In football and life, Unity's Hamilton has learned to be ready for anything

In football and life, Unity's Hamilton has learned to be ready for anything

TOLONO – Football – and really all athletics – emulates life in one basic and important aspect: You never know what to expect next.

Scott Hamilton, Unity High School's veteran football head coach, understands that as well as anyone.

Last offseason, in the months following the Rockets' Class 3A state title-game appearance, he and his staff projected a strong senior nucleus for the 2010 season. Matt Franks, Seth Gooch and Dustin Jolley would be individuals around which the team would be formed.

"Coach (Tony) Reetz and I designed our offense around those three," Hamilton said.

When the Rockets practiced for last week's postseason opener, Franks, Gooch and Jolley were on the sideline. Of the trio, only Gooch (knee injury) has the possibility of playing in Saturday's 1 p.m. second-round home game against Central A&M.

An important visit

Life throws unexpected curveballs.

Hamilton experienced that in the fall. Five days before football practice started in August, he underwent surgery to remove 12 inches of his colon. The day before practice began, he was released from the hospital.

He had no reason to believe he was ailing physically; no indication that anything was wrong. Just a desire – based on family medical history – he said, "to be proactive with my health."

A routine doctor's visit, which he schedules every six months, led to a colonoscopy. That test revealed a malignant polyp on his colon.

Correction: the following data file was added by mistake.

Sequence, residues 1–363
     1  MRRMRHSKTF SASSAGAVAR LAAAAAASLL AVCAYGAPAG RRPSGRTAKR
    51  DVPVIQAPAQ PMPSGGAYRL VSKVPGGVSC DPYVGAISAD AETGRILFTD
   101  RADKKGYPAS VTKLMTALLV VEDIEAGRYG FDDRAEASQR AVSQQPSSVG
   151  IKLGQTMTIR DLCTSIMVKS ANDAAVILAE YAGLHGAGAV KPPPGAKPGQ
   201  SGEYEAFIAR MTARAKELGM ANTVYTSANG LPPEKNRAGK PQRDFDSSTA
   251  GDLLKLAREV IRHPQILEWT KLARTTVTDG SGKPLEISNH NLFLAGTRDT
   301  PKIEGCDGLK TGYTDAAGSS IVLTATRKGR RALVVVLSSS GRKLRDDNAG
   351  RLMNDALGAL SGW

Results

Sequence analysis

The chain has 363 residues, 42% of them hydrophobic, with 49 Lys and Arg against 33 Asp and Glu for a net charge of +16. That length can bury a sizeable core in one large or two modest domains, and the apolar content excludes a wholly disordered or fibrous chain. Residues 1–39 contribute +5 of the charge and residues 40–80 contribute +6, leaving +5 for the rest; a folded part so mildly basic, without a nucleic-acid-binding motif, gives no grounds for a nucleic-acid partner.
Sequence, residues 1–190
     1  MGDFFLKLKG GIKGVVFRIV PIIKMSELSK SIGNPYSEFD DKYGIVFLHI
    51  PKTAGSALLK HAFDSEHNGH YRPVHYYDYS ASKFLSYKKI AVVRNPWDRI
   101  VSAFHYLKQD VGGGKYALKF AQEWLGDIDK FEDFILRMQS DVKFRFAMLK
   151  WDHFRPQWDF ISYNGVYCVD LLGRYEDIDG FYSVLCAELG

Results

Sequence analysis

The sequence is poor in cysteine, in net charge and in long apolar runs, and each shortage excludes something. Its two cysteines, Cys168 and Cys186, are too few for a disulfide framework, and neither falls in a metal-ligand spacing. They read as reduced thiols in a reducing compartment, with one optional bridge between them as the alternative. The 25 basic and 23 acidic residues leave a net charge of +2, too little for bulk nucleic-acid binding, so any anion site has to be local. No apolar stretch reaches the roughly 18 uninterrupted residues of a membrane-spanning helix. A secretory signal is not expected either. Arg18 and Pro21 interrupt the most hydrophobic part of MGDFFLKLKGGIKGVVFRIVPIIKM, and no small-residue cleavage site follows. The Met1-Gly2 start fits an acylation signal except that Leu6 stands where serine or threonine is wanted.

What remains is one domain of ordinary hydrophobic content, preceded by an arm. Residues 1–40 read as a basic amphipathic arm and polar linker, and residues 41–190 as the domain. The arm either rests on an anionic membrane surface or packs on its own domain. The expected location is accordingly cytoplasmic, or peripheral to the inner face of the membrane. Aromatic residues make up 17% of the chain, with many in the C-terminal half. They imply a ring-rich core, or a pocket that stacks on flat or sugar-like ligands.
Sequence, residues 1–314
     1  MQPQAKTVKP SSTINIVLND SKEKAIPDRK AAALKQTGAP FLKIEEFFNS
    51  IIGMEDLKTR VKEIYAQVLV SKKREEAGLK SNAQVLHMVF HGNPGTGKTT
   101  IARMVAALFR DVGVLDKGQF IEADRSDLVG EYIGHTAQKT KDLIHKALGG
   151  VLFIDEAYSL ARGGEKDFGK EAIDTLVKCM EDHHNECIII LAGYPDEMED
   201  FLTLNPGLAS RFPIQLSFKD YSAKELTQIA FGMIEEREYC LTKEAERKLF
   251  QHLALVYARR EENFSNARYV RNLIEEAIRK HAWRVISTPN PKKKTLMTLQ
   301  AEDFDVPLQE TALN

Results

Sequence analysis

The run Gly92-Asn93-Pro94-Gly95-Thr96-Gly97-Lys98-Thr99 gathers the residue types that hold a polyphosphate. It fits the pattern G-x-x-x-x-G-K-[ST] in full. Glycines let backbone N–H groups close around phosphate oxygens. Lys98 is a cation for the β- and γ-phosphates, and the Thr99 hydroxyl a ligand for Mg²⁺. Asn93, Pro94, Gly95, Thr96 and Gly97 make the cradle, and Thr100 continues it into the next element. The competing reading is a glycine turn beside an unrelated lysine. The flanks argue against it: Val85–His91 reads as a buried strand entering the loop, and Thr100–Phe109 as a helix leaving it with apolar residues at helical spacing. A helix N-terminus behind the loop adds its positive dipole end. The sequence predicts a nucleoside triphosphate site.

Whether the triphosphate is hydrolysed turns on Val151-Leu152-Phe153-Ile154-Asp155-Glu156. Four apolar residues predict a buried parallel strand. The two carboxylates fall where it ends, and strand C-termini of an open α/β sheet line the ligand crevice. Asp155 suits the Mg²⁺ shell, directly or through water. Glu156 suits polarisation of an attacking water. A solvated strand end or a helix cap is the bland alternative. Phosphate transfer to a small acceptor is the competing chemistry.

At age 41, Hamilton is now a cancer survivor.

"The doctor who did the surgery said I was cured," Hamilton said, "but we'll monitor it closely. Once you have it, there's a tendency to have more polyps."

A healthy approach

In retrospect, Hamilton said there were no warning signs that he missed.

"I never felt bad; never had any problems or issues," he said.

What he did have, however, was knowledge. His father Rich, at age 53, had a section of his colon removed after cancer was discovered in a routine screening.

"He had no signs of anything," Scott Hamilton said.

Like his father, however, Scott Hamilton had a history of elevated cholesterol levels.

"Three or four years ago I got into a more consistent exercise plan," he said, "and lost 15 or 20 pounds."

His routine included five cardiovascular workouts a week and, he said, "as far as diet, eliminating a little red meat, trying to eat more chicken, and portion control."

As a result, and combined with medication, "my cholesterol has been down," he said.

Monitoring yourself

Rich Hamilton, a former mathematics teacher in Collinsville, is enjoying his retirement with his wife, Sherry, in Florida. Their eldest son now is undergoing additional tests.

"They want to see if there are any genetic traits which could be passed on to my brother and his kids, or to my kids," Scott Hamilton said.

Colon cancer is regarded as "slow moving," Hamilton said. Early detection is a key for long-term survival.

For that, he can thank himself.

"I'm not really sure what triggered me to be proactive," he said, "but I am confident that me being proactive played a big part in where I'm at right now.

"I'm a proponent of staying on top of things and taking care of yourself the best that you can. You can't live every day being scared to live, but you can take measures to help yourself."

Plenty of helpers

During the early days of preseason practice, Hamilton felt more like a visitor than a coach.

"For the first two weeks, I didn't do much except ride in a golf cart," he said. "I had three coordinators that took care of things. Dave Fink handled the game-planning and defense. Tony Reetz handled most of the offense, and Dave Bass handled the special teams."

By Unity's homecoming game (Sept. 24), Hamilton said he was pretty much "going at it full."

And now, 13 weeks after the operation, "I feel good," he said.